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Is the ability to do 300 sit-ups and minutes of plank holds equivalent to having good ‘core strength’? Not necessarily.

In sporting and gym communities ‘core exercises’ generally refers to any exercise targeting the area between your hips and ribs. Often the focus is on bracing and crunches, which certainly work to strengthen the outer layers of the abdominal muscles, however the deepest and arguably most important muscle, the transversus abdominis (TA), is often overlooked. The role of the TA is to support the spine and hold your trunk stable while your limbs are moving. As for any postural muscle, it is the closest to the skeleton and works subconsciously to keep you upright throughout the day. A strong TA allows your limbs to work far more efficiently and improves your coordination and endurance. For example, if you were trying to push somebody over, would you prefer to be standing on solid ground or on a fitball? You have a lot more strength and power when you have something stable under your feet, and the same is true for your legs and arms relationship with your ‘core’. If you watch somebody with poor core stability run, a lot of their energy is wasted on jolting, jarring, and rotation of the trunk rather than propulsion forwards. This also leads to earlier fatigue and can predispose you to injuries.

When you have an injury in any part of your body, the stabilisers stop working as they should. Most footballers can relate to the ankle sprain, and very commonly the sprain recurs on the same side, eventually leading to a ‘weak ankle’. This is because the superficial muscles, or the ‘prime movers’ regain their strength, however the deep stabilisers do not recover unless you specifically retrain them (ie. wobble boards, hopping and landing etc).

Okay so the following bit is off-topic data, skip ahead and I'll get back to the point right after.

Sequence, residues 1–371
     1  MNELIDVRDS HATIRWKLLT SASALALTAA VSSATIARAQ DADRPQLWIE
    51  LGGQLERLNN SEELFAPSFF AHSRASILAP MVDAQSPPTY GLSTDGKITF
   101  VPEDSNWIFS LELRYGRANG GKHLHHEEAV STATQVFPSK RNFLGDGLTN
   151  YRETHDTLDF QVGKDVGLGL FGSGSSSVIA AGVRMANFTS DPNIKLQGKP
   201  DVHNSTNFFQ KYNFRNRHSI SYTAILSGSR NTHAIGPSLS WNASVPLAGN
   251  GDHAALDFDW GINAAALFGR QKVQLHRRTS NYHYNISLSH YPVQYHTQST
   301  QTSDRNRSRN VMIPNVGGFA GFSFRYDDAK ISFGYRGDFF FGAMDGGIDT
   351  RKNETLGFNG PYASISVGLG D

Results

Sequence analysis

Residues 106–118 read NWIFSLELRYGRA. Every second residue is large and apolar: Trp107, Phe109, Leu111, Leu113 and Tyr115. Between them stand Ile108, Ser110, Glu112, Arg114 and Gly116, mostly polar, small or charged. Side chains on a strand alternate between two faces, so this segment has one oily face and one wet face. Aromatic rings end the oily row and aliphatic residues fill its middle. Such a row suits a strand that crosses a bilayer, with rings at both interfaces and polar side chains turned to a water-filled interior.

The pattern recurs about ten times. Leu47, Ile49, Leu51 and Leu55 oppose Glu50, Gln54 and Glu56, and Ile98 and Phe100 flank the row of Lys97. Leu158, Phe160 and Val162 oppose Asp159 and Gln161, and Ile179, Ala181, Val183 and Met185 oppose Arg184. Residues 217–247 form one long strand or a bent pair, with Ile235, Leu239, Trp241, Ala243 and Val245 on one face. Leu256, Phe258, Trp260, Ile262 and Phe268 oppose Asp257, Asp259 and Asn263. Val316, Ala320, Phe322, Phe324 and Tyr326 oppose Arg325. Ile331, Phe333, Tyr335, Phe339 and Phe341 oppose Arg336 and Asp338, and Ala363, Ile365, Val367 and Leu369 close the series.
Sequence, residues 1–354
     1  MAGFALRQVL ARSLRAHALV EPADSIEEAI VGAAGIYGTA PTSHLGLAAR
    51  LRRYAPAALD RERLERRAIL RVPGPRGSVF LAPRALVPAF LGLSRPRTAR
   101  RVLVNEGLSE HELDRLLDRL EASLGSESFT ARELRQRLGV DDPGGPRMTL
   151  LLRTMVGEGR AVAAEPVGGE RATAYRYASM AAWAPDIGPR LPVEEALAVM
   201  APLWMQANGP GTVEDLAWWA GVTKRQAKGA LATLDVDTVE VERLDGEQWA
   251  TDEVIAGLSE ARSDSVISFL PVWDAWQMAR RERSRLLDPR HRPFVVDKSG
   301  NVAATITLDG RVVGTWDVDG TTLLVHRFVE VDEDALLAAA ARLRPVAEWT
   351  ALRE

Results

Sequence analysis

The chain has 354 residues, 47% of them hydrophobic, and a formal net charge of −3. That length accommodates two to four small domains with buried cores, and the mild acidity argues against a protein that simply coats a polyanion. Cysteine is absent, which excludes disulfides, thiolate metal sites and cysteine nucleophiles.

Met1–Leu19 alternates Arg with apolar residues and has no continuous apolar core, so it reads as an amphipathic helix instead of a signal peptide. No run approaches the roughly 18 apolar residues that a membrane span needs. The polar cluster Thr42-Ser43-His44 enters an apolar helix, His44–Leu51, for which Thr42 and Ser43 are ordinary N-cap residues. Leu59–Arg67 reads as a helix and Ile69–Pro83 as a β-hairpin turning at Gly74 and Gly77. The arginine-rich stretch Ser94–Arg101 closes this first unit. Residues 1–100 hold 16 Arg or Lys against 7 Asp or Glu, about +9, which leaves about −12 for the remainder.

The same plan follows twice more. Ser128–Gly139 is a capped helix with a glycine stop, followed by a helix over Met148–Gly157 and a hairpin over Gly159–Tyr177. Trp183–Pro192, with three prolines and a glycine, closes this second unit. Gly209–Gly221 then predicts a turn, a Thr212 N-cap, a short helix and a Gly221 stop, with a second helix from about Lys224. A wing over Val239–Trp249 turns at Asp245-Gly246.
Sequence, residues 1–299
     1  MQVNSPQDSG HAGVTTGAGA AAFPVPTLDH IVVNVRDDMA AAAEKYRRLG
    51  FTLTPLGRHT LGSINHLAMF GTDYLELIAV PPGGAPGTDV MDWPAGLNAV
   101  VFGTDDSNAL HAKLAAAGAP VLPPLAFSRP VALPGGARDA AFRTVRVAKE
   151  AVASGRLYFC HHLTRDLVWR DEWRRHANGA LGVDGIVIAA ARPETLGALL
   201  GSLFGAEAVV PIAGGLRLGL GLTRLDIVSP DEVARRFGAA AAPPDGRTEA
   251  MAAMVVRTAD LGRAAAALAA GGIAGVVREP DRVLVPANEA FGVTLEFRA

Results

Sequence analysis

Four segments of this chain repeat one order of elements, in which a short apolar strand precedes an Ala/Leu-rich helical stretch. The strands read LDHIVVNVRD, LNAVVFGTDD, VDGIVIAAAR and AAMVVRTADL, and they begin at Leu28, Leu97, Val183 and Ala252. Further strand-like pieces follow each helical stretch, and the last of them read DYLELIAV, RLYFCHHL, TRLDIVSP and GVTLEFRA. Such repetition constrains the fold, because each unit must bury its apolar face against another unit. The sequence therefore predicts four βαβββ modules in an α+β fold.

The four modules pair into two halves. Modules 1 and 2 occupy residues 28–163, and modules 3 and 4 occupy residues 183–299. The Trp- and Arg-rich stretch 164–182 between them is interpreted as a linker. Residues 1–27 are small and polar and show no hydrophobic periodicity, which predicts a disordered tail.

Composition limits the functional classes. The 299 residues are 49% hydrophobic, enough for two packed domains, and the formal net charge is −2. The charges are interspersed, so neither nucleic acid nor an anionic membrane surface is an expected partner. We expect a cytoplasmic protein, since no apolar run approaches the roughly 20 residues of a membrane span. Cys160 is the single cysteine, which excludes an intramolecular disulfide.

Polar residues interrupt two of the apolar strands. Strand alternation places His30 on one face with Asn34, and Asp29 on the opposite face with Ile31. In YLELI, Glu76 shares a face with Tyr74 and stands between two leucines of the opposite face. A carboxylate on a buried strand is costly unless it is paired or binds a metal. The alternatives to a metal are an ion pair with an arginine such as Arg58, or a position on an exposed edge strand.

When we apply this to a history of back pain, or even an old knee problem which had temporarily altered the way you walk, your core stability is affected. If this is not specifically retrained you put yourself at risk of future problems.

To exercise the TA you need to be aware of the ideal posture, a long spine with shoulder blades down and back and your chin in. It shouldn’t feel as though you are straining. A great way to test it is to lie on your back with knees bent up, feet resting on the ground. Imagine there is a spirit level balancing across the front of your hip bones. Lift your right foot slightly and slowly extend your leg, hovering the foot above the ground, then gently bend back up to the starting position. Repeat this for your left leg and pay attention to what your hips are doing. As you switch sides there should be minimal movement of the spirit level. If it is tipping, you probably need to focus a little more on balance and control in your routine rather than crunching out the 300 sit ups.

There are a great variety of TA exercises that can be prescribed for all levels of athletes. With the right knowledge it can also be worked into your usual routine, and greatly improve your game. At Corio Bay Sports Medicine Centre we have several Physiotherapists who specialise in this area, and can assess your true ‘core’ to help you optimise your running efficiency, improve your balance, relieve pain, and prevent injuries.

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